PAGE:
Louise is initially frightened when her body begins to grow from pregnancy. Richard asks her to quit smoking, and she does. She starts eating more snacks, which Richard tries to discourage. For a while, Louise thinks she is just gaining weight because she is pregnant, but then she realizes she is not dieting like she used to. She begins buying candy bars at the store and eating them alone on the drive home. She also begins eating pie in front of Richard, which he shames her for, reminding her that it will soon be swimsuit season. Louise resumes hiding candy, this time in her underwear drawer, to eat secretly.
Louise gives birth to a son. Louise enjoys both her baby and being celibate for a while after giving birth. She openly snacks throughout the day and eats what Richard eats at dinner, which he resents. She also starts smoking again. However, she still does not eat the candy bars in front of him. When Louise’s parents come to visit, her mother scolds her about her weight, while her father is affectionate toward both Louise and the baby.
The period of required celibacy ends, but Louise and Richard do not resume having sex. Richard continues to shame Louise for eating and gaining weight. She tells him she never knew how cruel he was. Louise puts her scale away and stops weighing herself. Richard picks fights with Louise every day about her weight, but the subject of the fight does not concern her, and she does not engage much during these arguments. Louise thinks that Richard’s anger about her weight says more about who he is than who she is.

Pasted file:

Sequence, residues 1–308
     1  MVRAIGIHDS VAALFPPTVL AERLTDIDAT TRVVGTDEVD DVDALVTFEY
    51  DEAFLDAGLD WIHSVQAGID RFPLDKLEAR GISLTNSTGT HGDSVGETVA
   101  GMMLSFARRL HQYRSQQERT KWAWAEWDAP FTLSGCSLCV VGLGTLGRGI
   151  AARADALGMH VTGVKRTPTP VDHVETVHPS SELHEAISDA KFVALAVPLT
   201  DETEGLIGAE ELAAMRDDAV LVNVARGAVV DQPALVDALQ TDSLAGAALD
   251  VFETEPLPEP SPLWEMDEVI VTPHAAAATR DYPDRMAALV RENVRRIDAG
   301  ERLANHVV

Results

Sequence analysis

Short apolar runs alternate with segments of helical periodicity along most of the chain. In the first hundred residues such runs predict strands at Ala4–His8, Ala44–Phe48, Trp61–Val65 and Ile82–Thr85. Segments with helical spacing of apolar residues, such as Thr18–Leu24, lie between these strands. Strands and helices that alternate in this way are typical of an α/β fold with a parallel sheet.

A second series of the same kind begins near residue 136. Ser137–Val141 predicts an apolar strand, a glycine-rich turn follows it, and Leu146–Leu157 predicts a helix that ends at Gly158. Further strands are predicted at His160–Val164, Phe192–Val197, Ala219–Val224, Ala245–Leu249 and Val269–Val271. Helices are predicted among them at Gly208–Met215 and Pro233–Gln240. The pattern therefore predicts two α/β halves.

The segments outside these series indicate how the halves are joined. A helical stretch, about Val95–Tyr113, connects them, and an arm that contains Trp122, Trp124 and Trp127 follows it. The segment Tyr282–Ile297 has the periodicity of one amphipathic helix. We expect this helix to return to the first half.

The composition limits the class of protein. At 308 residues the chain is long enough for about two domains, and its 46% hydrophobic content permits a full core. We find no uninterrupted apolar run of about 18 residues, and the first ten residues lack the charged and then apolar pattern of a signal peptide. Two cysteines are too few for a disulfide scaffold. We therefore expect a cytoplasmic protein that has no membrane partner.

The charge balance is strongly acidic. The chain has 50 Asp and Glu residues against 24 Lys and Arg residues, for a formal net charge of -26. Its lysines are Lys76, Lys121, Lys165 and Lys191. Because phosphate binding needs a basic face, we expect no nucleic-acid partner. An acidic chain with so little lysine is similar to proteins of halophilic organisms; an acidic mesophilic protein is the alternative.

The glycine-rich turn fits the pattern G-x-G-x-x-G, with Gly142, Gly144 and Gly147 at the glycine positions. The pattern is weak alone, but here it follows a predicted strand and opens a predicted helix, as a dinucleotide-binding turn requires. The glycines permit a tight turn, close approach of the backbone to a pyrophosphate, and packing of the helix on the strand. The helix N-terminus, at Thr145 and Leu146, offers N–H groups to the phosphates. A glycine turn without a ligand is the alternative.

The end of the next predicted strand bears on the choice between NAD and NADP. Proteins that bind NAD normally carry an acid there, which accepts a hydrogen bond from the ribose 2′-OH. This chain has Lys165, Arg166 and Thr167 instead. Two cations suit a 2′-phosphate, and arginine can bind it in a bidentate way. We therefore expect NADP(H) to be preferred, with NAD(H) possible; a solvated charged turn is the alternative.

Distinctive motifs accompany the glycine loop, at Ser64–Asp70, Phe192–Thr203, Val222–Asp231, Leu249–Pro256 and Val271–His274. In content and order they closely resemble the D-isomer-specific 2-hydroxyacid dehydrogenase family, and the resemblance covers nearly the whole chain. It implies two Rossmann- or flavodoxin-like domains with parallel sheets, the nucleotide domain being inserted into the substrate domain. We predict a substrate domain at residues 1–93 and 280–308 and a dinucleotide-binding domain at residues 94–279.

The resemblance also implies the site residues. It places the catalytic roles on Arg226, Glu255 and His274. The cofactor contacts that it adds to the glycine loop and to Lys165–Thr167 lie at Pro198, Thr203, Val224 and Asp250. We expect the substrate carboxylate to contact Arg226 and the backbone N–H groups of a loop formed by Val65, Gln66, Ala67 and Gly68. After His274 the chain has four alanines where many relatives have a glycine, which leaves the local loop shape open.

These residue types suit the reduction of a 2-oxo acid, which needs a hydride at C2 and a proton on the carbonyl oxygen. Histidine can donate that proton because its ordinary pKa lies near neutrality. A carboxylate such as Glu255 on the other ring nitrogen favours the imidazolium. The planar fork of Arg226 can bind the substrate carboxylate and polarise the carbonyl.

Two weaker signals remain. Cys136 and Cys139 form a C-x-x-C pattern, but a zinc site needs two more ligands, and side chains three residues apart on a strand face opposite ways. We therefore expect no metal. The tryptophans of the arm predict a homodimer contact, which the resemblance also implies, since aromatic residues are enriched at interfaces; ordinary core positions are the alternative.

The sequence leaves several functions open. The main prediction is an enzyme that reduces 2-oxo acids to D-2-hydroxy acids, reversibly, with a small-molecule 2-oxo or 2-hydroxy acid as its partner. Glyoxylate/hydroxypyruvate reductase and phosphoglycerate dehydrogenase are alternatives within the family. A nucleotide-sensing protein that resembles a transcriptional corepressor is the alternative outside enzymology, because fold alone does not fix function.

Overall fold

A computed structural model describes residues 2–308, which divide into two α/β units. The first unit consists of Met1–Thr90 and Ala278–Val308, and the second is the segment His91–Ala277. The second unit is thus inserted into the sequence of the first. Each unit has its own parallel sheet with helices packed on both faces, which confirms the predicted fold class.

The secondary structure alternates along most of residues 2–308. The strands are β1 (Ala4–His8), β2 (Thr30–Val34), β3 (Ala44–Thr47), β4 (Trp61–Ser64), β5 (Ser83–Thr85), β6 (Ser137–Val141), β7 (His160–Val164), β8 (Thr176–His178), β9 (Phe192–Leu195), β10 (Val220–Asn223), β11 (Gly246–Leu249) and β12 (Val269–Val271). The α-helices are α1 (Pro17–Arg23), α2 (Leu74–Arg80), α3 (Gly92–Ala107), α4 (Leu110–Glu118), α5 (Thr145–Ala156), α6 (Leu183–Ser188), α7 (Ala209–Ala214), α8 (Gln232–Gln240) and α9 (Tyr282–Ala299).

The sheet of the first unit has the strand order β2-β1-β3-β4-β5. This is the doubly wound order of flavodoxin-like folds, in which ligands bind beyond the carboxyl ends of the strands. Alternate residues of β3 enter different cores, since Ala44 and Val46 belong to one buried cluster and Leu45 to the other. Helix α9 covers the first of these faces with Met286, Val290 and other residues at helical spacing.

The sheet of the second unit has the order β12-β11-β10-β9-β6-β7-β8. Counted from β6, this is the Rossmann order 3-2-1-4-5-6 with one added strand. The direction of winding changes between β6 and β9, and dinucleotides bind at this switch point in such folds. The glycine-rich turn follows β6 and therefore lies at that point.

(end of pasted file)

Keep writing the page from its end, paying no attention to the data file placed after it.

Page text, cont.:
The narration switches to present tense during a scene where Richard is angry, raises his voice at Louise, and wakes the baby. Louise goes to get the baby from his crib and brings him to the living room, where she comforts him. Richard pleads with her to go on a diet, but she thinks about how much she hated it last time. She thinks about how she will get a candy bar when she puts her son back to bed. She realizes that Richard will probably leave her soon; the thought has been “in his eyes” all summer (172).
She calmly carries her baby to his crib and kisses him goodnight before getting a candy bar from her drawer. Although she knows Richard is waiting for her downstairs, she is so happy thinking about him leaving that she is surprised to see him still standing there in the living room as she unwraps the candy bar.
By Andre Dubus II